Penguin, Random House announce mega-merger

Combined company could have eye toward ebook market

In a big move in book publishing circles last week, Bertlesmann and Pearson announced a merger of their trade book publishing divisions Random House and Penguin. PaidContent reports it's at least partly related to a shift to electronic and digital book publishing. 

The merger itself is rather complicated as it involves two large corporations, but after the merger, Bertelsmann will own 53 percent while Pearson controls 47 percent of the newly combined entity. After the deal is approved and finalized, Markus Dohle, Chairman and Chief Executive Officer of Random House worldwide, will be CEO of the new group. John Makinson, Chairman and CEO of Penguin, will become Chairman of the Board of Directors. Got that? Good.

Interestingly enough, while the combined company gives the organizations true worldwide reach, the two publishers will continue to operate as separate entities and maintain their own focuses as before. In a letter to Random House employees explaining the merger, Random House chairman and CEO Markus Dohle assured them that Random House would continue to operate much as it had prior to the merger.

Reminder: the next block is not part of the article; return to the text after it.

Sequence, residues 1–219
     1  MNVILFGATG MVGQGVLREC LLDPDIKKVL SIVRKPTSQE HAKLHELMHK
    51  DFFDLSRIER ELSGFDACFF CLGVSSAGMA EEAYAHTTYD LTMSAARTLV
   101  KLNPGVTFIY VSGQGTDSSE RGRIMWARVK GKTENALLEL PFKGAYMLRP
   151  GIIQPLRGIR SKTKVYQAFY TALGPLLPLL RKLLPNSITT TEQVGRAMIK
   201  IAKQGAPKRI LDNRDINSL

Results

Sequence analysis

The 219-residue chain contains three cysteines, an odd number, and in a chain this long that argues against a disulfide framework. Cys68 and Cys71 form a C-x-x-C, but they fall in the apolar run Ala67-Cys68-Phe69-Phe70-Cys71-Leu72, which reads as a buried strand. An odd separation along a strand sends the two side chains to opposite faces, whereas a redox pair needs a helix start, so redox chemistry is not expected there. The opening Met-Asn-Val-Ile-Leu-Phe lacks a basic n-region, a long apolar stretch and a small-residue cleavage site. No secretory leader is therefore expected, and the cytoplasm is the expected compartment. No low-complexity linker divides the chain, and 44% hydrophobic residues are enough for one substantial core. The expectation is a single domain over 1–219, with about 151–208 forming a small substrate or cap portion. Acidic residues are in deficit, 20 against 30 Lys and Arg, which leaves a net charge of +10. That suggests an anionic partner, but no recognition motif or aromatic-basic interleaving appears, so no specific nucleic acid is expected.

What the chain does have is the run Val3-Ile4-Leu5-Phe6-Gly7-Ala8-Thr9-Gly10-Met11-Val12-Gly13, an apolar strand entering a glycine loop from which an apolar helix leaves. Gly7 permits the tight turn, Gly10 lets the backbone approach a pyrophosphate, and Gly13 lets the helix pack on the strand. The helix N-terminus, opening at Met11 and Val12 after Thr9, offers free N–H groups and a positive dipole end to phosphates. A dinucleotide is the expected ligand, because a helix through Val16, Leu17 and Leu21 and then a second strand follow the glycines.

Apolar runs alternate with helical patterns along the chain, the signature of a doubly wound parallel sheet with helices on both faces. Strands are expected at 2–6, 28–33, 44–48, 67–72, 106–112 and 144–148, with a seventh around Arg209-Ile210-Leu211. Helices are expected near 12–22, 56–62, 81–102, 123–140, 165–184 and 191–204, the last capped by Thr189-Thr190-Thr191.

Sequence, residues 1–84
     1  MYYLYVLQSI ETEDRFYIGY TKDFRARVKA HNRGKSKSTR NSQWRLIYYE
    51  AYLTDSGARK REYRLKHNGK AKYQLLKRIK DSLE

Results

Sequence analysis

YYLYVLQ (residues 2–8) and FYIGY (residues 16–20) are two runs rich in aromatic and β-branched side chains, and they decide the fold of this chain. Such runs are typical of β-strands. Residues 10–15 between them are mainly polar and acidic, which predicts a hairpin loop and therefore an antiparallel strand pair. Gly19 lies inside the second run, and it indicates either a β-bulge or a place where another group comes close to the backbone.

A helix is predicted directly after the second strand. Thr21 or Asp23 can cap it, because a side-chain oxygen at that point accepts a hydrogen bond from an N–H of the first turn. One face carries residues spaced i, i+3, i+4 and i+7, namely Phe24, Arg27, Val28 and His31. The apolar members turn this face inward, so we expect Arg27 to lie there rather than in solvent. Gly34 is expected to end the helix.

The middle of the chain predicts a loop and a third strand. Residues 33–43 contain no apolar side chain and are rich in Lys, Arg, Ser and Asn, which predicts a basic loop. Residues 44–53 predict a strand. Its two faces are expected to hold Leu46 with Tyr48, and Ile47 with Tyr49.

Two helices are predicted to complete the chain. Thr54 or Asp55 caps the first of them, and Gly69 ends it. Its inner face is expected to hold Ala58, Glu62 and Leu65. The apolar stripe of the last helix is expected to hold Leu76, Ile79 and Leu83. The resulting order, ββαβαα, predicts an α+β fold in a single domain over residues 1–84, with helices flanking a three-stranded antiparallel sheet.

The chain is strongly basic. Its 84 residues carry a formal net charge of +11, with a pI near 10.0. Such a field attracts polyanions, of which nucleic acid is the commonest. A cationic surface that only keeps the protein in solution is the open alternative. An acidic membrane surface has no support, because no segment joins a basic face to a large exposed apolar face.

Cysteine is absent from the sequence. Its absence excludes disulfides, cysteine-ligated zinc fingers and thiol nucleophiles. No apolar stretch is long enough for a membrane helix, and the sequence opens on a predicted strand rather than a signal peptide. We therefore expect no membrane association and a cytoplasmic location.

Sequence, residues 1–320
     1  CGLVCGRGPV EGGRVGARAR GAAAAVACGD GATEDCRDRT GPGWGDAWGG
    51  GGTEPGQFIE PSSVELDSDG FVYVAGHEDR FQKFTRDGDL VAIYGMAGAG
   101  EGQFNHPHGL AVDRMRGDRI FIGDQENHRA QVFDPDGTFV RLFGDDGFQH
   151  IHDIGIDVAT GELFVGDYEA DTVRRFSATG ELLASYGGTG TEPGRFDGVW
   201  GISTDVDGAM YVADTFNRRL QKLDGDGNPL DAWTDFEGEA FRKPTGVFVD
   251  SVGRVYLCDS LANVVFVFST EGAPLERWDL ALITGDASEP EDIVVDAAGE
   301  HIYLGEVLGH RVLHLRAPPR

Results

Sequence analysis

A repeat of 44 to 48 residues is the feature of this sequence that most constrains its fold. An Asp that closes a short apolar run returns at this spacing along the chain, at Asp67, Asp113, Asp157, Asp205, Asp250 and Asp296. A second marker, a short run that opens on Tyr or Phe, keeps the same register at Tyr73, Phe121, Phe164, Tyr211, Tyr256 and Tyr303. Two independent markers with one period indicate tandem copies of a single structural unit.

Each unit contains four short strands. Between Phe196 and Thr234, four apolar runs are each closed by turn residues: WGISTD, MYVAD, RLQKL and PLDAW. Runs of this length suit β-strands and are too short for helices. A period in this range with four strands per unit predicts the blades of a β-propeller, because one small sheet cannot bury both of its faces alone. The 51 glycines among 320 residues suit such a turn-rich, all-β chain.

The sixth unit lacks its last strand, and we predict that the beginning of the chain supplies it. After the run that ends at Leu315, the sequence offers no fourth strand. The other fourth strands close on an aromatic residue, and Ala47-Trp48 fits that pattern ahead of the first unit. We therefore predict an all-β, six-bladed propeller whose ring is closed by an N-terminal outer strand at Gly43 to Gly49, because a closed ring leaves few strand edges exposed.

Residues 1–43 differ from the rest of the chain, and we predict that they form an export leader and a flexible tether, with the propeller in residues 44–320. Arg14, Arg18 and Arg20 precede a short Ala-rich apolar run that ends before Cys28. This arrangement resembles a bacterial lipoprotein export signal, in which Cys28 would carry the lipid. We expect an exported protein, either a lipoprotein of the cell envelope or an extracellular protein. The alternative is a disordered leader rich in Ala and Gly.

"As the CEO of the combined business, my commitment to you and our new colleagues is to retain the distinct identities of both companies' imprints, where authors remain the center of everything we do. Authors and their agents will continue to enjoy an enormous choice of publishing homes, where creative autonomy and great resources will be a defining hallmark," Dohle wrote. 

According to a statement from Bertlesmann CEO Thomas Rabe, the merger continues the company goals for worldwide expansion, building growth platforms and digital transformation. "The combination of Random House and Penguin, first of all, significantly strengthens book publishing, one of our core businesses. Second, it advances the digital transformation on an even greater scale, and third, it increases our presence in the target growth markets Brazil, India and China."

Whatever the reasons, it appears that this will be a powerful combination and one that controls much of the book publishing market in the world. I wonder what EU regulators will have to say about it, but if it helps advance ebook and digital publishing, it could be a transformative deal.

The merger is expected to be finalized in the quarter of 2013 after regulators have a go at it.

For more information:
- see the Bertelsmann press release

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